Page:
Secretion Clearance for ALS: Vest Therapy

Some patients may benefit from adding the additional therapy of high-frequency chest wall oscillation (HFCWO), which uses air pressure to create pulses against the chest wall to thin secretions and assist in its transport from the airways, explained McCarty. Once secretions are mobilized, the fluid may be removed either by the patient’s natural cough, if it is strong enough or suction from the cough assist device, McCarty said. “Both therapies help to mobilize and remove secretions, but from different parts of the respiratory system.” 

HFCWO may not always be covered by insurance, but it may be worth considering since there is evidence to show that it could improve clinical outcomes in some patients. A recent paper published in Annals of the ATS found that HFCWO therapy reduced inpatient admissions, length of stay, and inpatient costs for patients with various neuromuscular conditions.[3]

“It is important to consider the progressive nature of a disease when evaluating a patient’s cough effort and making decisions about which therapy will provide the longest-term benefit to the changing condition of the patient,” said McCarty. “In general, HFCWO therapy can be beneficial to patients requiring airway clearance who have not fully lost a natural cough, while CoughAssist is indicated for patients with a weak or nonexistent cough. They may also be used in combination with one another.”

The Right Device for the Right Patient

Another important consideration is to choose the right interface for each patient based on his or her current disease state. Some patients may be able to facilitate their own therapy while others will need a caregiver to administer the therapy to them. Choosing the correct interface (mouthpiece, mask or trach adapter) for therapy is an important consideration to ensure the best patient outcomes. For HFCWO, proper vest fitting and titrating to the appropriate pressure setting are key for the optimal patient outcomes, said McCarty.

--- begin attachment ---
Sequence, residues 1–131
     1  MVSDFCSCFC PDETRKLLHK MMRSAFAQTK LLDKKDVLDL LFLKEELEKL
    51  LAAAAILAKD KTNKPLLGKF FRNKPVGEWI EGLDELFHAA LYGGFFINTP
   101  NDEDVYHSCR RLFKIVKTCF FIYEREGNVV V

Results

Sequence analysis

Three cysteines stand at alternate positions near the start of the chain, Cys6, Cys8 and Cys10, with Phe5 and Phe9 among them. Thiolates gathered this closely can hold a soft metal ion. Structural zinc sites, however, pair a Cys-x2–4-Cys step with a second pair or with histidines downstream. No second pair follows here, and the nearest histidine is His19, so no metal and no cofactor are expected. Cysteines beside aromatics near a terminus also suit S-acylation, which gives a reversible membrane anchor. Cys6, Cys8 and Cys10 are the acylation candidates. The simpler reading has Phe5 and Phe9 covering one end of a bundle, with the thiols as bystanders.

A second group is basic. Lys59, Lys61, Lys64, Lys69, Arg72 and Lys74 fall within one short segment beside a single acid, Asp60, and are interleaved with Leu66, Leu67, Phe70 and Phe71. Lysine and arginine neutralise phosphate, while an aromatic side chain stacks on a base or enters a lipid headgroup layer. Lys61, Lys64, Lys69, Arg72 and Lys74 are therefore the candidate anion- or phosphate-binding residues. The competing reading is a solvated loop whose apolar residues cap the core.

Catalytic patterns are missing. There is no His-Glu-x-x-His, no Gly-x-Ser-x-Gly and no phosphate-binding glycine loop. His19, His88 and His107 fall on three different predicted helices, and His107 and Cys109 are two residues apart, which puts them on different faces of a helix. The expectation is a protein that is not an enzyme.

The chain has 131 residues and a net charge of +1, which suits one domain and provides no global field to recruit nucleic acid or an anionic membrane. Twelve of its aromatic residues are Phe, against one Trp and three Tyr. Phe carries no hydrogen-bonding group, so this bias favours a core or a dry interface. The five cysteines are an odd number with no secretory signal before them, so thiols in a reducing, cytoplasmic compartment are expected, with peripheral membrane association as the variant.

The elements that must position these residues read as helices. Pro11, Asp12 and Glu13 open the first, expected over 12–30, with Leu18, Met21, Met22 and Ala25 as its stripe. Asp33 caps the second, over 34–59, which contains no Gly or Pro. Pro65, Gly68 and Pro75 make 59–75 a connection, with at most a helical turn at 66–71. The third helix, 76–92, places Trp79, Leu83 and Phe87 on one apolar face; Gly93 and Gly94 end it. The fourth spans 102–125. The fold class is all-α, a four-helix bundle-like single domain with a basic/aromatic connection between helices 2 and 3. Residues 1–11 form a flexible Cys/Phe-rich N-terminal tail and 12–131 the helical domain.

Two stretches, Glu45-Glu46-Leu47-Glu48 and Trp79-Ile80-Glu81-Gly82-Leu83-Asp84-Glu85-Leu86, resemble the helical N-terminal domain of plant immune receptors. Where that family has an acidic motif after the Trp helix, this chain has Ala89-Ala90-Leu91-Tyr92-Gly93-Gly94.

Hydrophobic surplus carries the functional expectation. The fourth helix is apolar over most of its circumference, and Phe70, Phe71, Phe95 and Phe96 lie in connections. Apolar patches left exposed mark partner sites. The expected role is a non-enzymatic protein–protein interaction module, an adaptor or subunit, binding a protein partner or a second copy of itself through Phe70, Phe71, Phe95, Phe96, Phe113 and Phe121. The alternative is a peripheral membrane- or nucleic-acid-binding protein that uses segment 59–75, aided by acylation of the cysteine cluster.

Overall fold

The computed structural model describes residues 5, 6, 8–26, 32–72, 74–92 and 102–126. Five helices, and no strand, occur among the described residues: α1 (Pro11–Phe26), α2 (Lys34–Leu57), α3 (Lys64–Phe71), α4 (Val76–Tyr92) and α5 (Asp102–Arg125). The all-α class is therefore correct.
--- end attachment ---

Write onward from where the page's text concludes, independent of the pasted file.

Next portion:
Some of these machines may initially be intimidating for some respiratory therapists, so hospital administrators might consider contacting the medical device manufacturers to conduct on-site trainings, Orr suggested. “I think it is definitely worth doing training sessions on using these devices,” said Orr. “It’s generating big inspiratory and expiratory pressure swings. It can seem a little intimidating, I think, for both patients and for respiratory therapists.”


Lisa Spear is associate editor of RT Magazine. For more information, contact [email protected].


  1. Rose L, McKim D, Leasa D, Nonoyama M, et al. Trends in incidence, prevalence, and mortality of neuromuscular disease in Ontario, Canada: A population-based retrospective cohort study (2003-2014). Plos One. 2019 Mar 26. Accessed at
  2. Ferreira de Camillis ML, Savi A, Rosa RG, et al. Effects of Mechanical Insufflation-Exsufflation on Airway Mucus Clearance Among Mechanically Ventilated ICU Subjects. Resp Care. 2018 Dec;63(12)1471-1477. Accessed at
  3. Lechtzin N, Wolfe L, Frick K. The Impact of High-Frequency Chest Wall Oscillation on Healthcare Use in Patients with Neuromuscular Diseases. Annals ATS. 2016 Jun;13(6). Accessed at